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Now, Github will help potential first-time contributors discover issues labeled with "help wanted" or "good first issue"

I have a project with 200 open issues (many more closed), and I want to encourage more people to join and fix issues.

Recently GitHub is showing me this:

Label issues and pull requests for new contributors
Now, GitHub will help potential first-time contributors discover issues labeled with "help wanted" or "good first issue"

While I understand the merits of the "good first issue" label and use it already, my question is about the "help wanted" label.

I want help on ALL issues.
Should I apply the label to the 200 open issues, and to all new ones (a few per day)?

It is probably a balance between the time taken applying the label, and the visibility it gives to the issues, so:

  1. What are the actual merits of applying the label? Does it advertise the issues somewhere, or make them somehow easier to find?
  2. Is there a way to efficiently apply the label, for instance a "Help wanted for all issues" setting, or a bot?
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    Even if you could easily tag all issues, doing so would defeat the point. It would be like emphasizing all text in a document - in the end, nothing would stand out. Try to prioritize the issues and use the label only for the ones you want done soon. – Brandin Dec 7 '17 at 8:24
  • @Brandin: I already have a "high priority" tag, should I rename it to "help wanted" then? These are often difficult issues, I am afraid that newcomers seeing only some issues with the "help wanted" might have the wrong impression that for the others help is not wanted, as happens sometimes. – Nicolas Raoul Dec 7 '17 at 8:36
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    @NicolasRaoul There is no easy answer. Maybe try using a combination of tags, but in moderation. It is like using boldface, italics, etc. in a document to emphasize different things. For example, "high priority" could mean critical bugs like crashes or data loss, "help wanted" could mean things that you don't really want to work on yourself, whether critical or not. – Brandin Dec 7 '17 at 8:42
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    If you think putting "help wanted" on some items (say, 10% of them) would imply that you do not want help on the other 90%, then just don't use that tag. I don't think it implies that, but interpretations may vary. On the other hand, tagging everything as "help wanted" would just look silly in my opinion. Better not to tag them at all in that case, and express your wishes in another way, e.g. in some personalized text in your repository. – Brandin Dec 7 '17 at 8:47
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    The "help wanted" labelled issues receive some special treatment. For example, when a user sees your repository on the GitHub Discover tab, your repo is tagged with language, stars, license, last update, and number of issues that need help. I think I also saw such issues being promoted on the dashboard for repos that I've starred or watched. So this label helps you promote issues where help from other contributors would be particularly welcome, without indicating that help would be unwelcome for other issues. – amon Dec 8 '17 at 15:48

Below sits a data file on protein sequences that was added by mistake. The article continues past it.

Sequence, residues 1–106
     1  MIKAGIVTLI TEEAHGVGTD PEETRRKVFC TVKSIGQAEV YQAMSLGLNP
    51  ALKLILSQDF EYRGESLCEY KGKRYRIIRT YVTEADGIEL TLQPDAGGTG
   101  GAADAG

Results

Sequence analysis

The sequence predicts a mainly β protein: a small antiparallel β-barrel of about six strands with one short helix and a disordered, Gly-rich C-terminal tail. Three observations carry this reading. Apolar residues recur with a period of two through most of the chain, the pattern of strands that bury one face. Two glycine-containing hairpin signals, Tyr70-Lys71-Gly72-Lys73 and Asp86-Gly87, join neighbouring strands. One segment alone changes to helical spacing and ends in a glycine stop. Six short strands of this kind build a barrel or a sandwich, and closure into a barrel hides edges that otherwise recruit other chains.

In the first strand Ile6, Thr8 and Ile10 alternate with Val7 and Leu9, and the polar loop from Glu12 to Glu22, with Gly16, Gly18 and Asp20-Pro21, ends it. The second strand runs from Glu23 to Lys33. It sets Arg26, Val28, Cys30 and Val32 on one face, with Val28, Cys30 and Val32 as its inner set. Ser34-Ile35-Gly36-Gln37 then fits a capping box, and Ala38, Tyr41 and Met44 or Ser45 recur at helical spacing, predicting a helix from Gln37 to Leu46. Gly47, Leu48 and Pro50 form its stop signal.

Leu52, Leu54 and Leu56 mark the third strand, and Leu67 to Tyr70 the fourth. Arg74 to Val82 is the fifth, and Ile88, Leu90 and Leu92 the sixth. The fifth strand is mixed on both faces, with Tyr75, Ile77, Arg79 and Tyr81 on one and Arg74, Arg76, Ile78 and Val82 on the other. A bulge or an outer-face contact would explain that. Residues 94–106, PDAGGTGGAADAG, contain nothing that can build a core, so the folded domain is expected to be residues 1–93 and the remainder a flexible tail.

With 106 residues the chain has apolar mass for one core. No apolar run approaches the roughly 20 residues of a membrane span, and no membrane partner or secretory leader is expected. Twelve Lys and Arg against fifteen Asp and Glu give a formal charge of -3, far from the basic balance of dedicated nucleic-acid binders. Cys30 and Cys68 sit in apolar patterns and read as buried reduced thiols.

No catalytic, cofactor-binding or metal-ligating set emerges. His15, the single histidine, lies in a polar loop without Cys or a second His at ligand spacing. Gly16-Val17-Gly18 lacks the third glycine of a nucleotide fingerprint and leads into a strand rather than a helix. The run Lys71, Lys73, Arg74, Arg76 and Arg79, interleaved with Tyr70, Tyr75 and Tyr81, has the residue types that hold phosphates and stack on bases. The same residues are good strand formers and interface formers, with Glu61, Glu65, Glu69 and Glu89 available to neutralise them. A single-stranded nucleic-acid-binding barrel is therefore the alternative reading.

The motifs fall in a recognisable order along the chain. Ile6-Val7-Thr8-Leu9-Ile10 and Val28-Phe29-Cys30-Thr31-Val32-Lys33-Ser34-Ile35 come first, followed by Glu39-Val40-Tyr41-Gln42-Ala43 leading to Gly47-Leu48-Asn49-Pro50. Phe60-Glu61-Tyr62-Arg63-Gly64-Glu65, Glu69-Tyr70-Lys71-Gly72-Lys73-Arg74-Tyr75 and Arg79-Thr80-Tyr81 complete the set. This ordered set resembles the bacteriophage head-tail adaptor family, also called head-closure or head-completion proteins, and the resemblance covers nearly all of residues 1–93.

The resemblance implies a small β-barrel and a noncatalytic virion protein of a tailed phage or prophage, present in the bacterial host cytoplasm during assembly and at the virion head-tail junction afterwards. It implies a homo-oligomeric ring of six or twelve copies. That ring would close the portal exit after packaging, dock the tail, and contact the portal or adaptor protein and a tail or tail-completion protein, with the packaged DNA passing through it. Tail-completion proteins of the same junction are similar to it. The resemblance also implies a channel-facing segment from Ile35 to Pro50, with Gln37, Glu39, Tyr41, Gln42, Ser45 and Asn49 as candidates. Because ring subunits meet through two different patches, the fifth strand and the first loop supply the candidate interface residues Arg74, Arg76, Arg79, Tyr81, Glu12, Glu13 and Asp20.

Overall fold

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I want help on ALL issues.

Don't we all want help on everything? Actually, I don't. See my rationale below.

Should I apply the label to the 200 open issues, and to all new ones (a few per day)?

I am not sure this is worth it and tagging becomes useless when applied to all.

It is probably a balance between the time taken applying the label, and the visibility it gives to the issues, so:

What are the actual merits of applying the label? Does it advertise the issues somewhere, or make them somehow easier to find?

There are some sites that use these tags to help new comers find issues: - some "awesome" lists - sites dedicated to newbies

Is there a way to efficiently apply the label, for instance a "Help wanted for all issues" setting, or a bot?

You can select all issues and apply labels at once.

Now here is what I do:

I get a new contributor coming in to contribute something to our projects almost on a daily basis. Most of them need some handholding to get started.

  1. I have a CONTRIBUTING.rst file that explains the basics on how to contribute.

  2. I selectively tag issues with "good first issue" and "easy" to point newbies instead: this make it clear that some issues are best to get your feet wet and is IMHO better than blanket labelling

  3. I selectively tag some issues beyond these with "help wanted". I can tell you that there are some issues that I absolutely want NOT external volunteer help on: they may be complex or require some deeper core knowledge. Seasoned committer will pick these if they feel like it anyway, therefore a blanket "help wanted" is not needed

So in a nutshell, I tag with "help wanted", "easy" and "good first issue" selectively to help and only to help new contributors pick something they can clinch their teeth on easily. Seasoned contributors do not need this anyway.

Therefore I would avoid blanket labelling.

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